Tuesday, March 18, 2008

The Regency English Village - part of the second

Later today I am off to England to gather more pictures and to research more stuff, all of which I will share with you.

Last time I wanted to talk about a little village I pass by on the way to Old Sarum. So little, I didn't find a name. The only sign said "Ford" not suitable for motorized traffic. Needless to say we turned the car down there straight away.

We drove down hill by way of a twisty lane with high hedges, always fearing we might meet a car coming the other way. But my sister is an ace and did very well.

This is a picture of the road ending and then starting again. When we were there the water was high, and we definitely would not put a car through there. But one could imagine a horse and cart slowly making its way through the stream. And you can see the walkway, a bridge, for those travelling on foot these days.

Fords were important during our period. Many of the old medieval towns were built at places where the river could be forded - crossed. Oxford is an example that springs to mind. Mainly because I lived there as a child and had the whole concept explained to me by my mother. Stockbridge, which we saw last day, would have started as a ford, a narrow shallow place where the river could be crossed, but because of the marsh, it quickly became a "bridge".




These next two images show you where the river goes on each side of the ford. My guess is that the building once served as a mill. Or if it did not, then at one time a mill might well have stood here. You can see how fast the water runs out of the building, when the rest of the river looks quite sluggish.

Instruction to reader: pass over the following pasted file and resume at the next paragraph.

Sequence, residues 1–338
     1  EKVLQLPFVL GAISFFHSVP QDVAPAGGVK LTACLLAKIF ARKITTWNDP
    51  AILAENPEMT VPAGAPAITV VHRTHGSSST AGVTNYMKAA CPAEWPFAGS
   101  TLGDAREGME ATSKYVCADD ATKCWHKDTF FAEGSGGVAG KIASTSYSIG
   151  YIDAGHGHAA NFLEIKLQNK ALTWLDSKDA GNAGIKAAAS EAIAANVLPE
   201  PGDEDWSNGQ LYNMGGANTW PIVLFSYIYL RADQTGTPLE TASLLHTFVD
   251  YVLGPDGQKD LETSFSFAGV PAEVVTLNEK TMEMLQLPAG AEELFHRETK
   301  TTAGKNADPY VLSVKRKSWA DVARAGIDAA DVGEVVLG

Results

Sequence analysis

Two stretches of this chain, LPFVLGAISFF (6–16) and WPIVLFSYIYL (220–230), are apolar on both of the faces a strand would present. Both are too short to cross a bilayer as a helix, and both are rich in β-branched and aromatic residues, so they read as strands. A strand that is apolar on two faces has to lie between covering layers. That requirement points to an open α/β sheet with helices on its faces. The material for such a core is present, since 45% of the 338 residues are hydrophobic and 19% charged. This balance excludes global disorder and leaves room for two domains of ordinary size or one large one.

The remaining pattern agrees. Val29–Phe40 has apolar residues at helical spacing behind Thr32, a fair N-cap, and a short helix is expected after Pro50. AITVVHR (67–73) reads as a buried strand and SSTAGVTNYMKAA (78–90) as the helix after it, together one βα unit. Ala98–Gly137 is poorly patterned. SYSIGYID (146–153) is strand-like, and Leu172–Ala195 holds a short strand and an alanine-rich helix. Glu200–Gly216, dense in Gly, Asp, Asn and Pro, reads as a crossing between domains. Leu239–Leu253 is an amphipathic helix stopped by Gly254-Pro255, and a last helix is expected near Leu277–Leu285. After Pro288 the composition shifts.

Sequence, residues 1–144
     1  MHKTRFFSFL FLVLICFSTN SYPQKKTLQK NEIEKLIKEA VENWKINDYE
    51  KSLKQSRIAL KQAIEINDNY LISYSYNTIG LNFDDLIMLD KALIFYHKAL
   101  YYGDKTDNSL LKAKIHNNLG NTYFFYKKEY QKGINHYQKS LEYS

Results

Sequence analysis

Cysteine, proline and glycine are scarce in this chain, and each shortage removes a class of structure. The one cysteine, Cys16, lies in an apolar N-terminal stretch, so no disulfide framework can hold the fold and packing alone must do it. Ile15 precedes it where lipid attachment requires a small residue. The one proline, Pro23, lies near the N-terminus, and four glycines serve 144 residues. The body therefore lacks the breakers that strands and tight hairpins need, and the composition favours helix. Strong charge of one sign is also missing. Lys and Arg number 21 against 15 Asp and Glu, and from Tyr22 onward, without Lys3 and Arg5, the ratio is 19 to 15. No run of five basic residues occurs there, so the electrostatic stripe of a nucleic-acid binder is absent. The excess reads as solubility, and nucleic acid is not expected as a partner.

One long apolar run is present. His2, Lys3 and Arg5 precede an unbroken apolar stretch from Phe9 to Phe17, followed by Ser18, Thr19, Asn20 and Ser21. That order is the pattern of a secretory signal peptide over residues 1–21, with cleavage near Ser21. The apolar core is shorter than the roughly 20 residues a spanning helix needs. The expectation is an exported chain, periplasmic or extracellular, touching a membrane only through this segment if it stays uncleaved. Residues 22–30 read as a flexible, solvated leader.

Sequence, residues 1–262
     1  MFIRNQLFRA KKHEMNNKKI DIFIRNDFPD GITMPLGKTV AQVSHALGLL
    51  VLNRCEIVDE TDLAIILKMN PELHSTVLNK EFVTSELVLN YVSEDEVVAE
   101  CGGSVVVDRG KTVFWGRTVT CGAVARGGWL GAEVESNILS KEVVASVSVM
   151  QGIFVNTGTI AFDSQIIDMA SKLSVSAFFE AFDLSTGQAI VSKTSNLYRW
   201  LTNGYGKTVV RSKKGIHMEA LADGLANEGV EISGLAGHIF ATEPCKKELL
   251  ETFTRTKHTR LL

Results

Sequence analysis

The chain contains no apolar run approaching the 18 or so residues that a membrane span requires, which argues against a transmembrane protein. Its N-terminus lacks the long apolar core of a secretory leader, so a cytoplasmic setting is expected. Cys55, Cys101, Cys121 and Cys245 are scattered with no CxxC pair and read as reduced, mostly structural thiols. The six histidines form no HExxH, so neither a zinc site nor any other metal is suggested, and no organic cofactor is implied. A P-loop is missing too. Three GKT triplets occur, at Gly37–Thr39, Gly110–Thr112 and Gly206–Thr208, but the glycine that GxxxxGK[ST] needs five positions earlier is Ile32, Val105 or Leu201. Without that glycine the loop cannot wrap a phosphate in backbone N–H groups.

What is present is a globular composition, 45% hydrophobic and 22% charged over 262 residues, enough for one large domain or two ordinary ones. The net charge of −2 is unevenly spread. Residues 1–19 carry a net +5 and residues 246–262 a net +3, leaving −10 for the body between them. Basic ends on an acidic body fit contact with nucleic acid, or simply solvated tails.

Oh and don't forget - this is January. How green the grass and dotted with mole hills too.

As I say, I love fords, I saw one up by Hadrian's wall and my naughty mind has been playing with a story ever since. I posted a picture of one located in Kent last year, I beleive. I guess to me it is wonderful to see that the car hasn't taken over the lanes and byways in their entirety and we can still get a sense of what it might have been like to travel through the English countryside.

I used a ford in my first book, for a major conflict in the story. I am sure I will find a way to include one again.
This last picture shows a typical view of a stream running down the side of the road, into the river crossed by the ford. I lived in a village that had a stream just like this one, a home to tadpoles and newts and other water loving creatures. Of course, this can create some problems in your house, if the banks overflow! But that is a story for another day as are the pictures of my visit to Abbotts Ann, another wonderful village in Hampshire.

For the next little while I will pop in and tell you about my travels. Then we will get back to normal programing and Flora and Fauna for April and our beloved fashions.

Until next time, Happy Rambles.